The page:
A new regulation may soon give the government the ability to monitor user communication on the Bowdoin network without the College even knowing about it?and requires the College to pick up the several-hundred-thousand dollar tab for the system upgrades needed to make it possible.

Several groups have already mobilized to fight the new rule.

In a regulation issued earlier this month, the Federal Communications Commission (FCC) reinterpreted a 1994 wiretapping law known as the Communications Assistance for Law Enforcement Act (CALEA) to encompass digital communication facilitated by broadband service providers like Bowdoin and other colleges.

Originally, CALEA forced telephone-service providers to re-engineer their systems to allow the government to remotely wiretap traditional telephone lines. The new interpretation expands this requirement beyond conventional telephony to other forms of digital communication such as email, video conferencing, and VoIP (Voice over Internet Protocol). VoIP utilizes an internet connection to place telephone calls.

Civil rights organizations and higher education advocacy groups are fighting the regulation in court, claiming the rule is both unnecessary and an invasion of privacy.

Bowdoin Chief Information Officer Mitch Davis told the Orient that he believed that those fighting the rule would be at least partially successful since data monitoring was not meant to be a part of CALEA.

The new FCC regulation claims that it "will enhance public safety and ensure that the surveillance needs of law enforcement agencies continue to be met as Internet-based communications technologies proliferate."

Under the old system, if the government obtained a proper subpoena it would have to work with Information Technology (IT) at Bowdoin in order to set up surveillance. The new rule would allow the government to monitor communication without Bowdoin's cooperation.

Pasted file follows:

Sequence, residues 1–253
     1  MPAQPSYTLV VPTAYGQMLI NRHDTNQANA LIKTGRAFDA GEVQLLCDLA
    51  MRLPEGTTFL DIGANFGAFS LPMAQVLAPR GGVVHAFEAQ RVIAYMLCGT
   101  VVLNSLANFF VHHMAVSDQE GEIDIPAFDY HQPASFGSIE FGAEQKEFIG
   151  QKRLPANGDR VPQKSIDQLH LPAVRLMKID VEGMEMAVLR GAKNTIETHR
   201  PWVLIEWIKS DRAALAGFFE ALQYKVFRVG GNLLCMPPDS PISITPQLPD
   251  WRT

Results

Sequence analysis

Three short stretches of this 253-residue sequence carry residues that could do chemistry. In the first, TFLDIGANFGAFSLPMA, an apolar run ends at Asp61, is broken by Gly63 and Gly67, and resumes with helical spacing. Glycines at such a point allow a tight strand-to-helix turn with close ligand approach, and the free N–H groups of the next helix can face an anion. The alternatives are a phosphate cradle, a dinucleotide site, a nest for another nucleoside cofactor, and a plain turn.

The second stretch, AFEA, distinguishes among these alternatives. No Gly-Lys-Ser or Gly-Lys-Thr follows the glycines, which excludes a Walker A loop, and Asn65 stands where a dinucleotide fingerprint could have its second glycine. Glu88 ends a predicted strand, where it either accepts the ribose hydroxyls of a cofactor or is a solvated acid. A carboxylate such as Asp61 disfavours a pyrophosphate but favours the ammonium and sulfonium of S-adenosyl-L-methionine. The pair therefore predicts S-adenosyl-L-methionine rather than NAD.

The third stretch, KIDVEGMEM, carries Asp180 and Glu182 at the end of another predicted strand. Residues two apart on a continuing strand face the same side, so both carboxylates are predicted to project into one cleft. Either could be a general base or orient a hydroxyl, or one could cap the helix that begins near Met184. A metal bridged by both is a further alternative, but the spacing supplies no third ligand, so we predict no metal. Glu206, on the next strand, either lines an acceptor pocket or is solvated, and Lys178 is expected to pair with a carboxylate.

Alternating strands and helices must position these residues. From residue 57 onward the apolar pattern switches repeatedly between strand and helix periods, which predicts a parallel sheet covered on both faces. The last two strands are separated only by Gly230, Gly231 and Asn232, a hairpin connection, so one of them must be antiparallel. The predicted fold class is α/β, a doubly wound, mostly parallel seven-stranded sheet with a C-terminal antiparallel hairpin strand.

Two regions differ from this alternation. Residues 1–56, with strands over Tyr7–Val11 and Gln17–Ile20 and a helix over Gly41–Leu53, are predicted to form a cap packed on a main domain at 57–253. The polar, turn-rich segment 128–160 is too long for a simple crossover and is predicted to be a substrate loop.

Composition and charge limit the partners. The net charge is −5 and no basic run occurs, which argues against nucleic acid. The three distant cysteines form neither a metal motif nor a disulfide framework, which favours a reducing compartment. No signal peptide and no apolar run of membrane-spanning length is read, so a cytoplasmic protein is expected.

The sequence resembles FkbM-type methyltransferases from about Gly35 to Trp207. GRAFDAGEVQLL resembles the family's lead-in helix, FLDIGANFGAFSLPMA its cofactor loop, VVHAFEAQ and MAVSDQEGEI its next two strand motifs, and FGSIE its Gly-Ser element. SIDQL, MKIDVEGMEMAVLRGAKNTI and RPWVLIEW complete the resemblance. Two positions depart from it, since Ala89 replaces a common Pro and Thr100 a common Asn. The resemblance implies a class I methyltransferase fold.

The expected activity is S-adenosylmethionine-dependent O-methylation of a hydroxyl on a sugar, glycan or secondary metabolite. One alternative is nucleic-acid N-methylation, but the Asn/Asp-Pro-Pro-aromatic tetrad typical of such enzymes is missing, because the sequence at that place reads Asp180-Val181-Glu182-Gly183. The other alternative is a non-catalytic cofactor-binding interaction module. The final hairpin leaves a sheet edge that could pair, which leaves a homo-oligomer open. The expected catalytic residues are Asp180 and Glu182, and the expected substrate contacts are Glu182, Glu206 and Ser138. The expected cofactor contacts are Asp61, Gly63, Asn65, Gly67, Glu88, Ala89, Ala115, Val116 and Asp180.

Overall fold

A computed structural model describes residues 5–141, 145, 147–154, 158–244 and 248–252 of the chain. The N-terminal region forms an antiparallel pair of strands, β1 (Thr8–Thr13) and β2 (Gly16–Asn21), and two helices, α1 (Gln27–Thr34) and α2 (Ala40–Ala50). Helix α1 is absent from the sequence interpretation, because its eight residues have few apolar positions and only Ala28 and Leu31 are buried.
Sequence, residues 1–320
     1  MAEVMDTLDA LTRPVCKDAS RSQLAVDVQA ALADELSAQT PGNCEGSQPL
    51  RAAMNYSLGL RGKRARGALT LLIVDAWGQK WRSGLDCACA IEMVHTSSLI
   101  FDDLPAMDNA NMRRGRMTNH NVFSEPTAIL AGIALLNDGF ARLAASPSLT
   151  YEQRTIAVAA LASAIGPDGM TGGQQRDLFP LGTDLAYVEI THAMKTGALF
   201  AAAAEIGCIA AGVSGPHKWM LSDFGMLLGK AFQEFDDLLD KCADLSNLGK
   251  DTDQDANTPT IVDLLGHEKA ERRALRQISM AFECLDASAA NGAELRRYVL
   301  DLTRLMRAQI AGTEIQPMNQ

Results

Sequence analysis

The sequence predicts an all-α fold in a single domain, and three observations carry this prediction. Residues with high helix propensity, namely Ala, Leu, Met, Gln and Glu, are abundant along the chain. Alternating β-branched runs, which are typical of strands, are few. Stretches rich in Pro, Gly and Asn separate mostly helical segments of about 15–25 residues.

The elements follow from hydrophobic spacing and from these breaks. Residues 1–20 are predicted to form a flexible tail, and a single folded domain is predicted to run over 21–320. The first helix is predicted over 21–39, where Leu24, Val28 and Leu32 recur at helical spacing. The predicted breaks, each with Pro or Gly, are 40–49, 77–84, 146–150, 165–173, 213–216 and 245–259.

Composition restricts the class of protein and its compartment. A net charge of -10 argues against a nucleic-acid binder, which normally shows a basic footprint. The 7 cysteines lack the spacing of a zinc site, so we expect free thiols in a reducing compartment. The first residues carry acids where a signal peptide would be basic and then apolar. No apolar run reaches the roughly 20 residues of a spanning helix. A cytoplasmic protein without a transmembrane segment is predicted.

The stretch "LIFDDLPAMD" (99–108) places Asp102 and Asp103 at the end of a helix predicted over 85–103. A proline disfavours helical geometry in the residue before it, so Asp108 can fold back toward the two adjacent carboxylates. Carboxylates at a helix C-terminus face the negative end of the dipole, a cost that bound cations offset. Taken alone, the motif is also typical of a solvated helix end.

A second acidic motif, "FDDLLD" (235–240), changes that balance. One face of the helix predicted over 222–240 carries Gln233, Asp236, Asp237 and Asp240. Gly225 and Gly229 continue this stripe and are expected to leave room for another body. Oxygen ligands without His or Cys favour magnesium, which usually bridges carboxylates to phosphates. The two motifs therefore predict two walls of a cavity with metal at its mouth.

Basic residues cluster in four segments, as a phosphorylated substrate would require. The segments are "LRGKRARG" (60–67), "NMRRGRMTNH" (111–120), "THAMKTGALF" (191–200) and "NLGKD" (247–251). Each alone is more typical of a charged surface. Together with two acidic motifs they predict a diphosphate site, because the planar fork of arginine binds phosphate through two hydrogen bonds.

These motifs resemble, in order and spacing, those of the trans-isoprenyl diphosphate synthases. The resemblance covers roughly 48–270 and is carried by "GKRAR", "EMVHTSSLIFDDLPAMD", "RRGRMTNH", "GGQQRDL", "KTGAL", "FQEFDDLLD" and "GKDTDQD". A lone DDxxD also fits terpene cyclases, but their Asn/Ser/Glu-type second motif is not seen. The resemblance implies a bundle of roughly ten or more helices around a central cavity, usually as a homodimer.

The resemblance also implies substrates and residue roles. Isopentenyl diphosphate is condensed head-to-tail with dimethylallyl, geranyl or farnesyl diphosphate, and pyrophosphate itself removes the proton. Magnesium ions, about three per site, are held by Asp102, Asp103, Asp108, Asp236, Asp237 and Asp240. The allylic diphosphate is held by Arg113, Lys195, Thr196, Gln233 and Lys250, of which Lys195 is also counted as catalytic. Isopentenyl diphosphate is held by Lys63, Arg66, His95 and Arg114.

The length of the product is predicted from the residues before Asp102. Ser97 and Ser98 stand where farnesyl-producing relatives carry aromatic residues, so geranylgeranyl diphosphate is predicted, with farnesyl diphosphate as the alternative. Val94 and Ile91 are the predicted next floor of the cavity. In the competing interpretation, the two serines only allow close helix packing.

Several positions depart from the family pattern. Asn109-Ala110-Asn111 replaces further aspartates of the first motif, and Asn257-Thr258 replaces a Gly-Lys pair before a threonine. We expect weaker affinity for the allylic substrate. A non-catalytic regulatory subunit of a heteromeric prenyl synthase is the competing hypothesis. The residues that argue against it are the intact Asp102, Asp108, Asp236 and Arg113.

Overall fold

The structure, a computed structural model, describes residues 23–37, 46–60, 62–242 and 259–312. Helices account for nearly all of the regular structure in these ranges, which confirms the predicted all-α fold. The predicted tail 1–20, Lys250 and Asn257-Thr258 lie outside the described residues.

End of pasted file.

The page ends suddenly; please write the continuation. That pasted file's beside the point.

"They want to do it and not inform anyone that they are doing it," Davis said. "Before they'd have to come in and ask me: 'We need access to this data traffic.' And we could provide it for them."

Davis expressed nervousness that the rule would mean less privacy for computer users.

"They want unlimited access without oversight," he said.

The American Council on Education (ACE), an organization of which Bowdoin is a member, appealed the decision last week to the federal appeals court in the District of Columbia. The ACE, which describes itself as the "unifying voice of higher education," estimates that the new regulation will cost colleges and universities $7 billion to comply.

ACE's vice president and general counsel Sheldon E. Steinbach argued that the current system is adequate and the new regulations are unnecessary.

"In filing suit, we hope to convince the FCC that colleges and universities can provide the same access through alternative approaches without the need to incur the $7 billion expense of revamping our computer network systems," Steinbach said in a press release. "When you evaluate efficiency versus the incredible cost of compliance, we just don't think it makes a lot of sense."

While he did not expect that the College would get actively involved in the legal fight, Davis said he supports the efforts to appeal the new regulation.

Speaking with The New York Times, an ACE official estimated an approximate cost of $450 per student to make the necessary upgrades. If this number is correct, such an upgrade at Bowdoin could cost in the vicinity of $750,000.

While expressing uncertainty as to what the final price tag might be for Bowdoin, Davis speculated it would cost between $200,000 and $400,000, but said it could be higher if the data provisions in the rule were upheld by the courts. According to Davis, the annual budget of IT is approximately $2 million.

Davis said that in his time at Bowdoin the government has only once asked for access to network data. He said, however, that the request was moot since the student user in question had already left the College. He would not elaborate on the details of the case other than to say that it involved "illegal content that was being passed around."

The rule goes into effect on November 18. If it is upheld by the courts, institutions will have 18 months to comply.